International Asia Indonesia criticised for anti-corruption law revamp despite minister's resignation

Indonesia criticised for anti-corruption law revamp despite minister’s resignation

Critics against the amendments say there are too many loopholes and the KPK is now subject to rules that could undermine its authority




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At least two groups of anti-graft activists plan to file a lawsuit against the recently amended law on the Corruption Eradication Commission, or KPK, saying the amendment process was full of flaws and the revisions undermine the agency.

There are calls for the President to halt the implementation of the amendments but Joko Widodo said he would not issue any memos overriding the said amendments.

Jokowi was responding to student’s demands for a rejection of the revised Commission Act. Student bodies are now calling for demonstrations in several regions after the president said there is no repeal to the amendments.

Monday, the country’s sports minister had resigned after being named a bribery suspect by the anti-corruption agency.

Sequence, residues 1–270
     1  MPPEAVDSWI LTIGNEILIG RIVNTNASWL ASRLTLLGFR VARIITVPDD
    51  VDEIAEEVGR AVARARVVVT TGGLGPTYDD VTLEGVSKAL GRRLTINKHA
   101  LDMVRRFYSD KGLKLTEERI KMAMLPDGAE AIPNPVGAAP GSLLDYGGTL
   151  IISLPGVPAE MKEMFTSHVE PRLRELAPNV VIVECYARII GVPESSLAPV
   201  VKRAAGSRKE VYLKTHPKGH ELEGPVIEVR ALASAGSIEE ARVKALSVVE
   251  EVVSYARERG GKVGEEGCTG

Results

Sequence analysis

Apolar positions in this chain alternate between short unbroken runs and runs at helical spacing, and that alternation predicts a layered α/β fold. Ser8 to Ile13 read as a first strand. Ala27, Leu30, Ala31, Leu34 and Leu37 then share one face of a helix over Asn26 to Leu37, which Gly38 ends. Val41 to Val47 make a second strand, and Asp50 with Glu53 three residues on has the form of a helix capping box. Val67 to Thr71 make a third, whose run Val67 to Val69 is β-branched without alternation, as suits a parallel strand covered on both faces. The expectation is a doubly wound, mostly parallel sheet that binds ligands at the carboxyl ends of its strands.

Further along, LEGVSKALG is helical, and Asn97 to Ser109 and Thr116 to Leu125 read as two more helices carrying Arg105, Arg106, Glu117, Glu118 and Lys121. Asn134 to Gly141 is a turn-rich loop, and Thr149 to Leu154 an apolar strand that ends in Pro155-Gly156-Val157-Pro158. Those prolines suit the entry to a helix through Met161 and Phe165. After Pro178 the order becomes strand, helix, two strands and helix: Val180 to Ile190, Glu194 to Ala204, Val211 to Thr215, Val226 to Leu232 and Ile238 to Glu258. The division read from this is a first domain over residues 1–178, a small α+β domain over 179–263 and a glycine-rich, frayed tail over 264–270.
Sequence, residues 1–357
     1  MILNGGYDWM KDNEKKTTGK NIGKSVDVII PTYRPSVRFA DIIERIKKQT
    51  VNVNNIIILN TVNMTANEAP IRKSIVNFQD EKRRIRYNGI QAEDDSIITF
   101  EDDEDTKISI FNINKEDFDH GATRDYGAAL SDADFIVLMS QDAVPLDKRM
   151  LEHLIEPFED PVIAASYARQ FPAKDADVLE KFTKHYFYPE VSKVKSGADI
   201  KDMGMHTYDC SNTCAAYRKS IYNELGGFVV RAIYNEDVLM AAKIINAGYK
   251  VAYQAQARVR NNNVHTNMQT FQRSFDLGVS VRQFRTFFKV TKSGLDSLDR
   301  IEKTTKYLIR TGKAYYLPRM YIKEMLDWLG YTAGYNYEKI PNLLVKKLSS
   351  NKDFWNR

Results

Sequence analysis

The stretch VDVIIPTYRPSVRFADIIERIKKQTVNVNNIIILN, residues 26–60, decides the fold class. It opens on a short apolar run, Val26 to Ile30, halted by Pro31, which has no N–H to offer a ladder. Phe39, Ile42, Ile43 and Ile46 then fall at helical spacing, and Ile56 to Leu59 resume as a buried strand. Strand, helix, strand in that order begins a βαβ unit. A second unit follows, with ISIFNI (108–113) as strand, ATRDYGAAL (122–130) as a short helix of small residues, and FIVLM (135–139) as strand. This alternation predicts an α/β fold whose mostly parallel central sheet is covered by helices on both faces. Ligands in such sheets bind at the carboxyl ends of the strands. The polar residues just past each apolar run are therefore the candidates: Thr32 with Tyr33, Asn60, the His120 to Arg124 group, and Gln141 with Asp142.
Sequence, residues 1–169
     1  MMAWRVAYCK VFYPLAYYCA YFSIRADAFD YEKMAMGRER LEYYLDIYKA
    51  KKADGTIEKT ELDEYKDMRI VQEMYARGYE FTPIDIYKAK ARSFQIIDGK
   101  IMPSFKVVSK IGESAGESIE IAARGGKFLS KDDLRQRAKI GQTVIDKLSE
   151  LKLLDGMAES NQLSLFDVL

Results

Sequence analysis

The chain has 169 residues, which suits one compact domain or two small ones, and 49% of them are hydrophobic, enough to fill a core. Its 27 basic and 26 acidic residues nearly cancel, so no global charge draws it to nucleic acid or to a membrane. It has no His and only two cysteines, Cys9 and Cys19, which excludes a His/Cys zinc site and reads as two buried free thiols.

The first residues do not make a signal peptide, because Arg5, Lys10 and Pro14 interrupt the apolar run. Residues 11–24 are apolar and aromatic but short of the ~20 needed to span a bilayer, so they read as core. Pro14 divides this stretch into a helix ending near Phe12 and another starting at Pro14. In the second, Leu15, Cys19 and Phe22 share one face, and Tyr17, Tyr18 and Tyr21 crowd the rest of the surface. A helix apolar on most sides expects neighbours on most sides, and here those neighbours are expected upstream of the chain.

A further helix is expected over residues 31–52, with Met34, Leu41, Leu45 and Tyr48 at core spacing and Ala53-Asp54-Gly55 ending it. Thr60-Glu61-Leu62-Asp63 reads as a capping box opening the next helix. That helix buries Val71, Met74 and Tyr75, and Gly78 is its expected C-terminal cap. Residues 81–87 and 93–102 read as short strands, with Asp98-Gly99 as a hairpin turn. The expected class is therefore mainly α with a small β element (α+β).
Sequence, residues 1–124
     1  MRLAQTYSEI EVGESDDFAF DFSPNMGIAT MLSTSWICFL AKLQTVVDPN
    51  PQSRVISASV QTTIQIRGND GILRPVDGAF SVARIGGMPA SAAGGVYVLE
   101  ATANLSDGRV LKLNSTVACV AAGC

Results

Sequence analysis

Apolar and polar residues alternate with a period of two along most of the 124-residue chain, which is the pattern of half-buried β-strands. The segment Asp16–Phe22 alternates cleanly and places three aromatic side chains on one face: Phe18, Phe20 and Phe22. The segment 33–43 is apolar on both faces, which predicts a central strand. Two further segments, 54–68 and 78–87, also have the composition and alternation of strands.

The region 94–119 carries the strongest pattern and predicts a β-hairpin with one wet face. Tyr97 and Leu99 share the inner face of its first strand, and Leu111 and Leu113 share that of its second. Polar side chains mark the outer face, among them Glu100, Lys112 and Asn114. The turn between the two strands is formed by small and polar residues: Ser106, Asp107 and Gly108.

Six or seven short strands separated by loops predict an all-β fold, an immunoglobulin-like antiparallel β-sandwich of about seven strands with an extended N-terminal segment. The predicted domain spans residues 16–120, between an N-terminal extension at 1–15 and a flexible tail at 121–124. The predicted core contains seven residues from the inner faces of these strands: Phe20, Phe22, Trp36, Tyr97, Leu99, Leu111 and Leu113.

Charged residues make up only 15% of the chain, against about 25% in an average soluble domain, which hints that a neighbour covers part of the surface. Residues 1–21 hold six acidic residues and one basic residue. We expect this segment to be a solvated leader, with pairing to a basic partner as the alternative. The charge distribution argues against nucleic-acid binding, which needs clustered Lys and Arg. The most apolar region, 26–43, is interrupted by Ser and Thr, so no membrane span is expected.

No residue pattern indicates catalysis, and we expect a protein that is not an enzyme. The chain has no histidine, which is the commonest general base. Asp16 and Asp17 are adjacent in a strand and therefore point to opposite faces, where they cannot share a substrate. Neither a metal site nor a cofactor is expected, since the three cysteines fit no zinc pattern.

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But critics against the amendments say there are too many loopholes and the KPK is now subject to rules that could undermine its authority.

Gadjah Mada University’s Anti-Corruption Study Center (Pukat UGM) and the Indonesian Corruption Watch said they would request a judicial review from the Constitutional Court in order to get the amended law overturned.

The groups say the deliberations on the amendment were “not participative” and pointed out it was not even included in the House of Representatives’ (DPR) list of priority bills for 2019.

Jakarta Globe says KPK’s commissioners have repeatedly complained that they were never invited to the House hearings to convey their views about the revisions to the law.

In addition, the amendment that has been passed by a House plenary session contains several articles that potentially undermine the work of the antigraft agency, say representatives of the groups.

The new law orders the establishment of a supervisory body that will grant the KPK the necessary warrant before it can wiretap suspects and ‘grants’ the KPK the authority to halt a graft case midway through the investigation.

Mr Imam Nahrawi is the second Cabinet minister to be engulfed in the corruption case, which has been a blow to Mr Joko, Indonesia’s first president to come from outside the political or military establishment. Mr Joko took office in 2014, promising clean, effective government.

The bribery case involves two organisations: the sports ministry and the National Sports Committee (Koni).

Mr Imam is accused of taking 26.5 billion rupiah (S$2.6 million) in bribes related to a request to the ministry for a grant proposal by Koni in its budget last year, said Mr Alexander Marwata, deputy chief of the KPK. -/TISG

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